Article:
The U.S. Is Running Out of Research Monkeys

From a Wall Street Journal story by Nidhi Subbaraman titled “The U.S. Is Running Out of Research Monkeys”:

America’s monkey shortage is getting worse. The pandemic has exacerbated a continuing supply crunch, throttling research and threatening the country’s ability to respond to public health disasters, including the next pandemic.

That is according to a new report published Thursday by the National Academies of Sciences, Engineering and Medicine that noted that new ways of studying biology, using artificial-intelligence models or cells in culture, aren’t ready to replace testing in monkeys.

“At this point in time [monkeys] continue to be essential models in biomedical research,” said Kenneth Ramos, a physician-scientist at Texas A&M University System and chair of the committee that wrote the report. The National Academies is an independent scientific group that provides advice to the federal government.

A lack of funding to expand breeding colonies at U.S. centers, as demand for research monkeys grew, is a leading contributor to the shortfall. Federal funding to national primate centers dipped by 23% over the past decade, according to the new report.

A continuing shortage would leave the U.S. vulnerable to infectious-disease outbreaks because monkeys are usually necessary to test new vaccines and treatments, scientists say. Macaques played an important role in the testing of vaccines during the Covid-19 pandemic. Investigations into a range of conditions, from infertility to Parkinson’s, would stall.

There were more than 113,500 monkeys captive for research in the U.S. in 2021, according to the U.S. Department of Agriculture, which monitors the treatment of research animals. But the National Institutes of Health, which fund breeding and upkeep of monkeys at national primate research centers and a handful of universities, don’t comprehensively track how monkeys are used in research the agency funds, the report said. This leaves the agency unable to efficiently use the animals that are available, or to address the shortage. “There is a need for a national plan,” Dr. Ramos said.

An NIH spokeswoman said the agency is “eager to review the [report] conclusions and recommendations in detail to determine next steps.”

Monkeys are close biological relatives to humans, sharing genetics, behavioral hardwiring, and brain and body biology. Neuroscientists have used African green monkeys and baboons to study the brain, while pigtailed and rhesus macaques have offered insights into Covid-19 and other infectious diseases. Vaccines and drugs are tested in monkeys before tests in people.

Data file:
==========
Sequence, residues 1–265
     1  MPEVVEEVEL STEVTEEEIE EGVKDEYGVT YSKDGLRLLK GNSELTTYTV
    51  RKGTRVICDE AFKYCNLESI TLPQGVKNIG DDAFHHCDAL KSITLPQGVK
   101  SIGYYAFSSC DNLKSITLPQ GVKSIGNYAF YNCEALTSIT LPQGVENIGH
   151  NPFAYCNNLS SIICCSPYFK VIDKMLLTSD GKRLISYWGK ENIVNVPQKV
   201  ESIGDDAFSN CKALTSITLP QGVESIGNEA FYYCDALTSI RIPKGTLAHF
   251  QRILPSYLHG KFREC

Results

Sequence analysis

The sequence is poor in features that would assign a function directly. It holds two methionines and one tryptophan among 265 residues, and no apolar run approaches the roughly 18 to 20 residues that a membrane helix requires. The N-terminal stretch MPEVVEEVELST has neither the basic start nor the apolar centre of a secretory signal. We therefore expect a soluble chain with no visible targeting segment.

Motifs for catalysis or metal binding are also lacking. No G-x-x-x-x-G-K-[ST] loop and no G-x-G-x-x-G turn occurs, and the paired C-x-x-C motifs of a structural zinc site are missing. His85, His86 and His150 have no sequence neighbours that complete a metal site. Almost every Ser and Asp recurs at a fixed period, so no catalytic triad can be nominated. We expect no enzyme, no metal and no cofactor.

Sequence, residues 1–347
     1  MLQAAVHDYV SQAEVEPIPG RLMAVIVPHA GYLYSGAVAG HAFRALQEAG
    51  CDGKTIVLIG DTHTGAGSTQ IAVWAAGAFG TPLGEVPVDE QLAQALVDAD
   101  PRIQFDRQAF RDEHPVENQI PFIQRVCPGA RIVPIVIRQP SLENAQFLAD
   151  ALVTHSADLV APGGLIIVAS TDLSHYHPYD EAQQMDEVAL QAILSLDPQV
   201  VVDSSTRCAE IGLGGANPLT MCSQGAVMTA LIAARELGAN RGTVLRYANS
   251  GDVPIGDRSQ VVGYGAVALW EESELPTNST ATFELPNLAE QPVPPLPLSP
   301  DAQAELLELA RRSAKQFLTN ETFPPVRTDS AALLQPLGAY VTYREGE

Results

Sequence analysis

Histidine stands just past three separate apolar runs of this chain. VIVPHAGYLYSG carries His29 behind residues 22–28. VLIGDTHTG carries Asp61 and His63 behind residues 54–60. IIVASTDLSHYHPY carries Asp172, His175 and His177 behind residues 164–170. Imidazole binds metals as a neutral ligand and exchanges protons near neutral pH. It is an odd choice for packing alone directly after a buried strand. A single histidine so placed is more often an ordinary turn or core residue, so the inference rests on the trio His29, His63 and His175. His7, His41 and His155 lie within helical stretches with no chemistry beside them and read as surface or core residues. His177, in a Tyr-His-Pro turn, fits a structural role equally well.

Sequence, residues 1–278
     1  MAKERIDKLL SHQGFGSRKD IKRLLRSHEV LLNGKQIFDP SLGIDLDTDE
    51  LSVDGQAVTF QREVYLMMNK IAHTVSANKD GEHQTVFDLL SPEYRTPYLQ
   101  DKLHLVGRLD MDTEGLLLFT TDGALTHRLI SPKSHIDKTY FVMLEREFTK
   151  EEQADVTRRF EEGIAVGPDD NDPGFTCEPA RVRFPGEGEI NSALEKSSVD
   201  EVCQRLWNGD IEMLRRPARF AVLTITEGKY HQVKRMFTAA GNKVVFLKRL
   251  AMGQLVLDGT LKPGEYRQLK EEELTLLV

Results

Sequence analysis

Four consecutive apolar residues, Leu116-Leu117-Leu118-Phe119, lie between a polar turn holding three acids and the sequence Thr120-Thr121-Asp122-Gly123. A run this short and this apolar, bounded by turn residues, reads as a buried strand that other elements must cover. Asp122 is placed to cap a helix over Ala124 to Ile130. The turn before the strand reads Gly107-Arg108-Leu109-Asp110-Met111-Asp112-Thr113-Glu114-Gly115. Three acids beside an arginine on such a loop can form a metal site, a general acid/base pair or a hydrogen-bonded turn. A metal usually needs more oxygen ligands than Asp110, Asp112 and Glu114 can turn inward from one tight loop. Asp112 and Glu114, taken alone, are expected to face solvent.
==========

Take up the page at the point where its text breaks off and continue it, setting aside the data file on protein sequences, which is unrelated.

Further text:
Scientists started feeling the pinch around 2014 as infectious-disease researchers, developmental biologists and neuroscientists, among others, used more monkeys in experiments.

“There has been an increased recognition of the importance of these models in biomedical research,” said Jon Hennebold, a reproductive and developmental biologist at ​​Oregon Health & Science University and interim director of the Oregon National Primate Research Center, who wasn’t involved with the report.

A 2018 NIH report warned that demand for monkeys would continue to rise, and recommended more funding to breed more animals. During the pandemic, China, an important exporter of cynomolgus monkeys, stopped exporting research animals just as scientists needed even more monkeys for Covid-19 studies.

The current crisis is the result of a “perfect storm” of events, said Paul Johnson, an immunologist who studies HIV and is director of the Emory National Primate Research Center, and wasn’t involved in the report. “We turn away a number of people from our primate center with good ideas,” he said, because they aren’t able to supply animals. In 2021, across the primate research centers, two-thirds of requests for macaques that had never been used in research were denied, the report said.

Meanwhile, the price of research monkeys has skyrocketed, with researchers burning through their budget to buy animals. Thomas Geisbert, a virologist who studies infectious diseases such as Ebola and Marburg at The University of Texas Medical Branch at Galveston, said a cynomolgus monkey cost about $5,000 from commercial vendors before the pandemic, but he now pays about $35,000.

Animal groups have campaigned against the use of animals in research, and some bioethicists have argued that the very similarity that makes monkeys attractive research models underscores the case for limiting experiments. In the U.S., the 1966 Animal Welfare Act and a handful of agency policies guide the treatment and housing of research animals in the U.S., including monkeys for research.

In part as an answer, new ways of studying biology have emerged. Machine-learning algorithms trained on biological data troves can simulate the chaos and complexity of chemical reactions in natural systems, and aid in drug discovery. Stem cells have been grown into specialized tissue as simple replicas of organs. For example, the National Academies report pointed out, studies of Zika virus infecting clumps of lab-grown brain cells helped the Centers for Disease Control and Prevention conclude that the virus caused the characteristic shrunken heads and brain damage in infants born to mothers who had the virus.

The report didn’t specify how much the U.S. government should spend to expand breeding colonies or increase staff. Dr. Johnson estimated that it would take an investment of hundreds of millions of dollars over the next five years to address demand.

Because monkeys don’t breed until they are four years old, Dr. Johnson said that investments now would yield a supply bump a decade from now. “There is a long timeline involved.”

Nidhi Subbaraman is a science reporter for The Wall Street Journal. Her interests include geology, oceanography and climate science.

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